2.8 3D Objects and Text
In this lesson you’ll learn how to transform your 2D text and shapes into 3D objects.
1.Introduction1 lesson, 00:38
2.10 Design Tips10 lessons, 1:17:20
3.Wrapping Up2 lessons, 25:44
2.8 3D Objects and Text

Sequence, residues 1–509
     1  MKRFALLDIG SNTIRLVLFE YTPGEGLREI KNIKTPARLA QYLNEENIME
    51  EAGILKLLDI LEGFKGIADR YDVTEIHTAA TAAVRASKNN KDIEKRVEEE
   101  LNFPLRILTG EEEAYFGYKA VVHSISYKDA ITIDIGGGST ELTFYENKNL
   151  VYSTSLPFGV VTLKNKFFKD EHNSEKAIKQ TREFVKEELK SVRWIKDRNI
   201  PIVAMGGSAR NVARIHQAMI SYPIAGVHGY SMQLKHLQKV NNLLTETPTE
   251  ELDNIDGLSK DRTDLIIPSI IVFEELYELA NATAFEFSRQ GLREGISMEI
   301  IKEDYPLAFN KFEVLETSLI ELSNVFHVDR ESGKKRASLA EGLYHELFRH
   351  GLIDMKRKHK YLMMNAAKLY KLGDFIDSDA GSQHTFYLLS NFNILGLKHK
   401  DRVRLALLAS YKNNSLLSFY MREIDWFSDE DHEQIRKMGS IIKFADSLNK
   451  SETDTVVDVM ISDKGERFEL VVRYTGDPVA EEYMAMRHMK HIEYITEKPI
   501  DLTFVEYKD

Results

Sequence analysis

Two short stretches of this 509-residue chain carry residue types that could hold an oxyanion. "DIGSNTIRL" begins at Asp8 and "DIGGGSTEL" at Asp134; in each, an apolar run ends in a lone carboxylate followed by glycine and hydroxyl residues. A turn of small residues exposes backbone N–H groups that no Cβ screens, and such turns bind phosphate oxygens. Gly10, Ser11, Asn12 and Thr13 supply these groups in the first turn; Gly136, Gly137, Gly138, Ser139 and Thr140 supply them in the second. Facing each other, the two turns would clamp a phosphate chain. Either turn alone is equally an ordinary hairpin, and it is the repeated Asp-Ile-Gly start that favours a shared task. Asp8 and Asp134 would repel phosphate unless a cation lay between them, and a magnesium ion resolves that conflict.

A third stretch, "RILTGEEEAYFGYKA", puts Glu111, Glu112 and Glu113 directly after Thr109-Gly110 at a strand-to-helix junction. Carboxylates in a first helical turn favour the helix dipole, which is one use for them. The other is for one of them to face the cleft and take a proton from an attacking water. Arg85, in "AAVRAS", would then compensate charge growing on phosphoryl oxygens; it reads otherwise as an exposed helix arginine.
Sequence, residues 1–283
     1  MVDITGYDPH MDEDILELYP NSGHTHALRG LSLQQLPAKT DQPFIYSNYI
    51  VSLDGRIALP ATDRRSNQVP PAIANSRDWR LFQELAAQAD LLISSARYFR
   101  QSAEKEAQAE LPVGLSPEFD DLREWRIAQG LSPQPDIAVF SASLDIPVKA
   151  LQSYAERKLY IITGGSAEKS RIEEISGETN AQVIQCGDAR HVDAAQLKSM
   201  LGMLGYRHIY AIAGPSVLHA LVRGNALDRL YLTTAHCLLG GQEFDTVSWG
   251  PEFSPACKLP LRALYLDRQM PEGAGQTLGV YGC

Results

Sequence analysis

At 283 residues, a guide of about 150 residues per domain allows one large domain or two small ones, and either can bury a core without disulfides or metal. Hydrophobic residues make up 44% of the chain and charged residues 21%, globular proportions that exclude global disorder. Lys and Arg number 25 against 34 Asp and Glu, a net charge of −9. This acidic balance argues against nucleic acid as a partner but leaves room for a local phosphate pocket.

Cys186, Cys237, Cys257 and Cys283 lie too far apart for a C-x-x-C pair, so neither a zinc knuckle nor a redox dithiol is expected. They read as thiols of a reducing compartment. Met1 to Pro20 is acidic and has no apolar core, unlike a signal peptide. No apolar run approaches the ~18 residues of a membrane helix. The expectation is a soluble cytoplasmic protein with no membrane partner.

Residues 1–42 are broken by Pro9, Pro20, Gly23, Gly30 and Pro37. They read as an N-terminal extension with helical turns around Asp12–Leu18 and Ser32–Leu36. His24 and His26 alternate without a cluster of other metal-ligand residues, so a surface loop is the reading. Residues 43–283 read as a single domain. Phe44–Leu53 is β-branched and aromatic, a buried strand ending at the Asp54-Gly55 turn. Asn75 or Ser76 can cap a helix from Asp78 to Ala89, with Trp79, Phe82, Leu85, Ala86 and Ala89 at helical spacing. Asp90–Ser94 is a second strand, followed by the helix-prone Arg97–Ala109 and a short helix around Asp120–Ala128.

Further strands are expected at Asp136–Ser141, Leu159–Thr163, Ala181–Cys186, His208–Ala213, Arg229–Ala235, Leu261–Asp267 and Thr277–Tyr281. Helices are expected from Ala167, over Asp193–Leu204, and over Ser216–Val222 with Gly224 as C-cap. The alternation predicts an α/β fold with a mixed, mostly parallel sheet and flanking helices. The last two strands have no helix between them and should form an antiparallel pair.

[MUSIC] So, first of all, we're going to grab the type tool. Now, you can do this with shapes as well. It doesn't have to be text. In fact, let's go and type some text. And just scale this up holding Shift. And I'll grab a shape as well. Let's go for a square. So we've got some text and we have a square. And I'm going to give these some color as well, so we'll just pick, let's pick a different color. We'll go for something like this. Again, check that global swatch button. And with this selected, we can go to Effect, at the top of the screen. And down to 3D, and select Extrude & Bevel and it will bring up this dial up box here. We can turn on the preview button and it will show us how our text looks. Now, it's already got these different values and degrees here, so we have our x-axis at the top, followed by the y-axis, followed by the z-axis which is rotation, I believe. There we go, so you can rotate this around. So lots of different presets if you'd like to preview it from different angles. Or you can have a custom rotation. And you can drag these sliders. And with the preview box checked, in real time, you can see exactly how it's going to rotate. Now, if you get a bit lost with these sliders, don't worry, you can always just set this back to 0. And then just start adjusting them one at a time very, very slowly just to get familiar with how they work. Or you can hover over the actual shape we have over here on the left. And then grab the different ones. So we could rotate it like this. So it depends if you prefer entering numbers, or dragging dials, or just grabbing the shape and manually moving it around. Now when it comes to 3D, you've got the extrude depth as well. So if we increase this, you can see it adjusts how much depth there is to our 3D effect. So you could have it very, very shallow, Or a bit thicker. And we'll go back, and I think I'm just going to increase. So we've got something like this. And you can choose the cap type, as well. So typically, when I'm creating something in 3D, I leave the setting with default option but you can also add a bevel, as well. So you can see this adds a bevel to your text and you can, of course, adjust the bevel height. Now if you do go [LAUGH] a little bit too far with this, you will see an error pop up. And it will say something like, bevel self-intersection has occurred. And that's where you've beveled it so much with all the other settings that it kind of goes inside itself and comes out the other side, and doesn't really work. So, it may just be a case of just dialing it back a little bit if you do see anything come up like that. So lots of different ways that you can bevel a 3D shape or you can just leave it at none. And we've got plastic shading selected here, so you can choose various types of shading whether you just like to have a wireframe view. But you can also select more options and you'll see this extends here, as well. So we can even adjust things like the light source. So we can control exactly where the light is coming from and see this updates in real-time. And we can adjust the Light Intensity, so we'll keep this nice and bright. The Ambient Light, as well. And if you don't know what these sliders do, specifically, or this feels a little bit overwhelming. Don't worry, just change one at a time, and see how it affects your specific graphic. So you can see some of these aren't really changing too much. But I always like to have the blend steps really nice and high. Just because you get a much smoother gradient, a much smoother 3D finish. So I just whack the blend steps up really nice. And you can choose a custom color for the shading, as well. So black is the default. But we could change this to something like this. Let's go a little bit darker. Now, of course, the color that we're seeing here doesn't match that, but the reason is because this is the color we're picking. But of course, it has all of these different effects applied. So we have different lighting and highlights. So that's how it looks without any shading whatsoever. So if we go and pick something like a blue. So you can see it's adding the blue but then you've also got all these different factors that are affecting this blue that we're picking. And then we can click OK. And you'll see in the appearance panel on the right, we then have 3D Extrude & Bevel listed. And we can turn this effect on and off. So we haven't actually changed the paths of our text. And if I go into outline mode, remember, that's Command or Ctrl + Y, it still looks exactly the same. It's just letters. The only difference is it has a 3D extrude and bevel effect applied on top of it. And, in fact, that applies to pretty much most of these effects that you can see up here. If you can add them, it will list them in the appearance panel. You can turn them on and off. You can click back to go into these settings and edit them further. Or you can just grab this and drag it to the trash and it will remove the effect altogether. So, what if you created your 3D text and you want to go and edit it or you want to do something else with it and at the moment, it's just showing this? It's just showing it with the text as it was and then a 3D effect just layered over the top of it. We just simply go to Object > Expand Appearance. And you'll see there it snaps the path to the shapes of the letters. And then Object and Expand. And now what we can do is use a direct selection tool to select individual surfaces. And we can go in and change the color. Or, We could go in and we could start adding gradients. So we could add some gradients here. We could go in on these edges. And add a really dark color. You could add, And of course, this one already has a gradient here. So selecting all of these [LAUGH] can be quite problematic and quite time consuming. But you can, of course, make that selection, use the eyedropper tool, To sample any existing colors, or you can add a gradient. So, again, down here, you can use that direct selection tool to drag over everything. And then sample a different color. So this is just the way Illustrator handles something like gradients. But then you can, of course, take your time, go in there and just really work on that 3D effect. But once you've done this with your text, of course, you can go and edit it in the same way from the appearance panel that you could before. But you get a lot more control over it and you can select all of those individual surfaces and apply it whatever you like, whether it's patterns or colors. In fact, let's just try something. If I go back a few steps. So if I go into outline mode, you can see it's made up of loads and loads of lines. This is just how Illustrator handles gradients when you go to Object and Expand. But if we select everything, you can see it's all grouped at the moment, we can just ungroup it a few different times from the Object menu. And if we drag over all of these. So you can see we've got all of these selected now, we can try and unite them from the Pathfinder panel and it will unite them into one shape. And then we could go and apply a gradient to that one shape. So even though expanding them in Illustrator does something completely bananas like this and makes lots and lots of horizontal lines. You can still select all of those lines, unite them together from the Pathfinder panel, and it will merge them into one shape. And once you've got them in one shape like this here, it becomes considerably easier to then apply patterns, gradients to that shape as a whole. So, of course, you could spend a lot more time going through this. And just fine tuning everything. Uniting it all together. And often you can see here, it often is the case of sometimes zooming in really, really far and just seeing where the issue is, if there is anything that just didn't quite work. And just making sure that you can make that selection. And this is going to be very, very tedious to go through and select this. So sometimes, it is just the case. If there isn't an easy way to make the selection without selecting other elements, What I'm doing is just manually going through, holding Shift with the direct selection tool. And then using the eyedropper tool just to sample this other color. Now, I'm not gonna do this now because, as you can see, this will take me quite a long time cuz there's so many different colors in there that I have to do this manually. But the best thing is, if we go back to global swatches, once I've done this once, if I set this color, this purple that I'm using here, as a global swatch, by clicking the new swatch icon here If I do that first and make it as a global swatch, when I go through and painstakingly apply this manually, once I've done that and I've applied it manually. So just make sure I select it. So once I've done that for this whole bit of 3D lettering, I don't have to go back and do it again. I can simply just adjust the sliders in the swatches panel, and having got to manually go through and select every single pixel if I want to change it at a later date. So, again, that's just me championing global swatches as a huge time saver. Now we did draw a square down here, but I'm just going to draw an ellipse, and show you one more 3D tool before we move on. So at the moment we have a circle. If we grab the direct selection tool, and just drag over this anchor point on the right, hit Delete or Backspace, and we are left with a semi-circle. And I can drag over these two anchor points, and go to Object > Path > Join. So we just join these together into a complete semi-circle. And if I drag over this and go to Effect > 3D and now we try and revolve. We can turn on preview. Now this is a similar screen and we can of course adjust all of this, if we'd like or we can leave this all set to 0. Let's maybe just drag this down, there you go. So you can choose which edge you revolve it around, whether it's the left edge or the right edge. So, of course, if you go around the right edge, we've actually created a sphere. So it takes that flat half a circle that we've created and it revolves it around the right edge, which is this line here, or the left edge, which is this curve here. So I'm just gonna show you something really quickly now. And this is going to be very, very rough but if you took the time to draw yourself a bottle. Now please don't judge me, this is going to be a [LAUGH] rather terrible, [LAUGH] terrible bottle. So, of course, if you took the time to properly draw yourself a bottle that actually looks like a bottle. When you select it, you just draw half of it, and you do a 3D > Revolve, and you revolve it around that right edge, turn on preview and you can create shapes like bottles. Now this doesn't look like a bottle or maybe it's a small bottle of a really fine whiskey or something. But, of course, we can go back in and we can increase those blend steps. And you can see there it changes, it's super, super smooth now. And, of course, we can adjust the light source. If it'll let me. There we go. So just click and drag to adjust the light source. Of course, depending on your computer you are using, as you introduce more blend steps and have a more complex 3D render that you are trying to create, you may need a bit more horse power in your computer. So we can move this around, adjust all of these settings, with the blend steps nice and low. And when I'm happy with what I've created, we can just bump that up then, and then click OK. And, of course, we can select this, and from the appearance panel, we've got that there on the right. And I'm just going to go back. And then create that circle again. So there we go, we've got 3D text and I will finish that later. We've got a 3D soda bottle but we also have a 3D sphere. So there we go. That's a little bit of an introduction into how you can create 3D effects in Illustrator.